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Friday 2 January 2015

The Light on the Jungle Trail

     As I have said in the heading, if you keep your eyes and your mind open, you will find that the paranormal, the miraculous, the simply inexplicable, not only happen, but are not even uncommon. Anomalies turn up everywhere, even in bestsellers read by thousands of people.
     For example, many of us in southeast Queensland will have had pleasant memories of O'Reilly's Rainforest Retreat, set deep in the subtropical rainforest in the rugged mountainous terrain of the Lamington National Park. Back in 1937, the youngest of the O'Reilly brothers, Bernard O'Reilly became an instant celebrity due to an astonishing feat of bushcraft. A Stinson passenger aircraft had disappeared on a flight from Brisbane to Sydney. It was generally assumed that it had gone down somewhere near Sydney, but O'Reilly was convinced it had crashed in the Macpherson Ranges. Navigating by dead reckoning through dense, trackless, unmarked rainforest and over four mountain ridges, he discovered the crash and was able to lead a rescue party to the survivors. Repeatedly asked for his own version of the story, he wrote it down and appended a long account of his childhood in the Blue Mountains and the establishment, first of the dairy farms, and then of the guest house, by himself and his siblings. The result was Green Mountains, written in late 1940, before he went off to war. As I said, it has probably been read by thousands of people. I can hardly hope that this post will be so successful, but perhaps my readers will be more likely to take notice of the following instances.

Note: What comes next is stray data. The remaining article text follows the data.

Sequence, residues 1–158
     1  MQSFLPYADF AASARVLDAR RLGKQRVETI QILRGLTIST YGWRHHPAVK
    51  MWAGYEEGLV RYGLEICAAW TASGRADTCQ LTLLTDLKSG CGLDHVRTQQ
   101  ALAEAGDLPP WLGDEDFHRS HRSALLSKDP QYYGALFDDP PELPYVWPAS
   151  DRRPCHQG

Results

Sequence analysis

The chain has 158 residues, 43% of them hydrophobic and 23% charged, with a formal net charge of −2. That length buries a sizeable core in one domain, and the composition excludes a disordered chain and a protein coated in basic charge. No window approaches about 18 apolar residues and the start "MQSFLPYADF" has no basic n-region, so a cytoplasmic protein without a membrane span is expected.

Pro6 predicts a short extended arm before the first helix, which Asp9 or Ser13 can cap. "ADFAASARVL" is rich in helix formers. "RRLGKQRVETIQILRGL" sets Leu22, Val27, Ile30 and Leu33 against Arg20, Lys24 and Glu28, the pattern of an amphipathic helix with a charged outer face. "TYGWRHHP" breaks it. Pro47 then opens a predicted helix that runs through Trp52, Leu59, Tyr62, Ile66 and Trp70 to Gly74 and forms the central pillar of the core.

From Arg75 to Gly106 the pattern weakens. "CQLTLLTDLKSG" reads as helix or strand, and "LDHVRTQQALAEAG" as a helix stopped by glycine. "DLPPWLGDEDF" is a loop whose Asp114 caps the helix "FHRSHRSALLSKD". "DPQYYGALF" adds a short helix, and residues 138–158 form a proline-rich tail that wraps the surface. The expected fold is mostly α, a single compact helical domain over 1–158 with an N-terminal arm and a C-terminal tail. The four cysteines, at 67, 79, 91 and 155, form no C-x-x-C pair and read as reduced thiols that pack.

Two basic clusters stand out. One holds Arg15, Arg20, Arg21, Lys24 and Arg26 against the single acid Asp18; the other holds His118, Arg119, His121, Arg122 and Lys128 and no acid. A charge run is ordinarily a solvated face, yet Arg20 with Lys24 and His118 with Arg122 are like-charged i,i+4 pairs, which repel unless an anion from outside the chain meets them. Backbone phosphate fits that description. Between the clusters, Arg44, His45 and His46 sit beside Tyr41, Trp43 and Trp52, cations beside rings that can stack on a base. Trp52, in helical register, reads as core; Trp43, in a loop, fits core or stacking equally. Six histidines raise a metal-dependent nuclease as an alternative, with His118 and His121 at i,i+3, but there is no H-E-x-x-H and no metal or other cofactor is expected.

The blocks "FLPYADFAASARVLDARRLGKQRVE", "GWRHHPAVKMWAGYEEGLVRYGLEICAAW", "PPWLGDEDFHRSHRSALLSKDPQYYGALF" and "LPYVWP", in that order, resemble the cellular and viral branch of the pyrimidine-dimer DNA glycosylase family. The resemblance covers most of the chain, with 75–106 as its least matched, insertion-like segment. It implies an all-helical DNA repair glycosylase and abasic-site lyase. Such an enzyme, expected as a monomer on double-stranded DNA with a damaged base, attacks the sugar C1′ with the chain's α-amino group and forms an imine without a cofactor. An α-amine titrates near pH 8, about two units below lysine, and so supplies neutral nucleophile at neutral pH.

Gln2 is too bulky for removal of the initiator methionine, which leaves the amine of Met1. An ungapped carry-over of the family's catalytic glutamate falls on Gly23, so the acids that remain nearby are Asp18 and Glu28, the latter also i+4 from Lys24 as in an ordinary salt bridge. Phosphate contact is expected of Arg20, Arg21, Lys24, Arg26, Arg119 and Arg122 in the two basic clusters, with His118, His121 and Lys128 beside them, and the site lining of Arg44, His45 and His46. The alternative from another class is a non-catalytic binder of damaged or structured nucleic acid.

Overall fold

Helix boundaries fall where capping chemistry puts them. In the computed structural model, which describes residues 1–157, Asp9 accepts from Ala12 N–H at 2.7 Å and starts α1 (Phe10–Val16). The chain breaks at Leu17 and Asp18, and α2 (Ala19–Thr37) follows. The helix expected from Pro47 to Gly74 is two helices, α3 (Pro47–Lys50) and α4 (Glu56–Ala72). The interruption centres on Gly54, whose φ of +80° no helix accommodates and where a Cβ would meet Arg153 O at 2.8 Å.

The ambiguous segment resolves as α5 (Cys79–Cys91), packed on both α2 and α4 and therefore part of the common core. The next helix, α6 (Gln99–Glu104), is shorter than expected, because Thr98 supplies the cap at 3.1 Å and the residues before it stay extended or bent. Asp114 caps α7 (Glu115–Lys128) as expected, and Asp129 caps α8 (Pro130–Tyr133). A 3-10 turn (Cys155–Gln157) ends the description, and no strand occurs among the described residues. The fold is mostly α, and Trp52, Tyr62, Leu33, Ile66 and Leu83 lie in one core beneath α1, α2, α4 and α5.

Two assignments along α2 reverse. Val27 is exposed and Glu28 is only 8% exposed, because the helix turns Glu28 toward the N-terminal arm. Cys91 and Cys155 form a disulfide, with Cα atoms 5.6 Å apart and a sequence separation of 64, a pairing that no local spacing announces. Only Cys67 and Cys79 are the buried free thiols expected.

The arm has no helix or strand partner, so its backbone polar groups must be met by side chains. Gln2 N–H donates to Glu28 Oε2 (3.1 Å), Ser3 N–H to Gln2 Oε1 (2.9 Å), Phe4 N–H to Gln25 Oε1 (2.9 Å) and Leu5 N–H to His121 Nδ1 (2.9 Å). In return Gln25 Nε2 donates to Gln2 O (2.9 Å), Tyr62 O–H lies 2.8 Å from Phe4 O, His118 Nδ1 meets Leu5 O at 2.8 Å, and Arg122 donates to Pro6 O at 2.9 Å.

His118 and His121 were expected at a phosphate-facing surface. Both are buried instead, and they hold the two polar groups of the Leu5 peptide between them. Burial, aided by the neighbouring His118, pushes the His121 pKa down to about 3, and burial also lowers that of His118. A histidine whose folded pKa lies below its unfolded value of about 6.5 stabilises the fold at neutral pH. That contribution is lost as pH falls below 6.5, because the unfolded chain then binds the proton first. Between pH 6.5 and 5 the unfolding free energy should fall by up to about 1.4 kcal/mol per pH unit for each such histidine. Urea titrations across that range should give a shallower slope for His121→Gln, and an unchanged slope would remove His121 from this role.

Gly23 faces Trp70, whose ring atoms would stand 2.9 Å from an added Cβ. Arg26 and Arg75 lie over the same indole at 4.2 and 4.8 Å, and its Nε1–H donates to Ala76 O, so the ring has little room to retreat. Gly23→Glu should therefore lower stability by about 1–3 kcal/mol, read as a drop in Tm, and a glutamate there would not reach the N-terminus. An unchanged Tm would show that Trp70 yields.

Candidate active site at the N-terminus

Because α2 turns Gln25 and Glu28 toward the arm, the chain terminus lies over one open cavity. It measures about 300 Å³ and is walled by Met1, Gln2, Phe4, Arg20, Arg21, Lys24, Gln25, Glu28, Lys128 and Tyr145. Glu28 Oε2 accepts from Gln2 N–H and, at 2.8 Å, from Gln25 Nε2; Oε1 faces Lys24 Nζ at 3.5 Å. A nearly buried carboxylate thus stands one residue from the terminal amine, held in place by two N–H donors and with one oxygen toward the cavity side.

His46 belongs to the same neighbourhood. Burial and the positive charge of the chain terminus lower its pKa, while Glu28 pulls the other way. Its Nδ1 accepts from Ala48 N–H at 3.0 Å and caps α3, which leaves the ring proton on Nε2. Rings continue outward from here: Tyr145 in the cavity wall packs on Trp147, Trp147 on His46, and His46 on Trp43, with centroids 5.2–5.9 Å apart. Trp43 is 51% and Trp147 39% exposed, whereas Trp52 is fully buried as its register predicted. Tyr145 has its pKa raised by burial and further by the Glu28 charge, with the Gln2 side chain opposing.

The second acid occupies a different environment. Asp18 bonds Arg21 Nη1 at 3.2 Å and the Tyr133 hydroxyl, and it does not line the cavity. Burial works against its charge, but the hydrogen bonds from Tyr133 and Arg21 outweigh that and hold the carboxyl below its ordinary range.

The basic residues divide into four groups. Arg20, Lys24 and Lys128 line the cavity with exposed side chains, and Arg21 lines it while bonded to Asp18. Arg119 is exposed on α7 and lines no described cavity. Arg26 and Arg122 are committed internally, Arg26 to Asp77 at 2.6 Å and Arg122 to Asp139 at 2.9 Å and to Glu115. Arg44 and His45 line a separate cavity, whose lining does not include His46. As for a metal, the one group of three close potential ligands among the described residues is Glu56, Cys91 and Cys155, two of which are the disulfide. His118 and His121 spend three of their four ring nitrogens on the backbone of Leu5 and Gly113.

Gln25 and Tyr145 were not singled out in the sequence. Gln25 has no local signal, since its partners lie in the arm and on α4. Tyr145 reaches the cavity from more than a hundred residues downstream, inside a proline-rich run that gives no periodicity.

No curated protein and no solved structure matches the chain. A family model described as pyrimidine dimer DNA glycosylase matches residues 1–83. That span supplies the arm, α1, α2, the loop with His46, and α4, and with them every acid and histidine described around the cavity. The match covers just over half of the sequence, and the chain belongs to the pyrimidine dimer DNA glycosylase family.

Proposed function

First of all, it must be understood that the O'Reilly establishment was (and still is) in the middle of nowhere, and in those days it was connected to the outside world by the Stockyard Creek track. Hacked out of the jungle by the elder brothers, unsurfaced and often deep in mud, it crawled along between the edge of a cliff and rainforest. The opening up of the jungle to light always means that the forest edge quickly becomes an impenetrable barrier of undergrowth - in this case, of stinging tree saplings and thorny vines. Nevertheless, members of the family often had to negotiate it at night. Also, it is important to know that they were familiar with the cries of all the common night birds and marsupials. Nevertheless, as Bernard describes in part 2, chapter 5:
There was another cry, too, late at night, from the jungle a mile away, a thin high wail, which none of us could identify, but which we have facetiously named the Stockyard Creek Banshee. Almost every time I have ridden the Stockyard Creek at night the "Banshee" has wailed from the far side of the gorge; it has never been heard by us anywhere else. Some suggest it might be the earthbound spirit of a black warrior - be that as it may, it is not the only uncanny thing about the gorge. [pp 148-9 of the undated Envirobook edition] 
     Well, animal noises at night can always be confusing, and no-one can say he knows them all. Just the same, it is worth recording.
     At the head of the gorge stood the Stockyard Creek depot: an iron roof without walls, with gigantic trees towering above it, and the floor of the gorge just fifty yards wide, with precipitous walls on either side. At this point, the route stretched impassable to all motorised vehicles, and both guests and luggage had to be transferred to horses. It also possessed a sinister atmosphere. Although he had spent upward of a thousand nights alone under the stars, mostly in jungle, this place produced, on both him and other members of the family,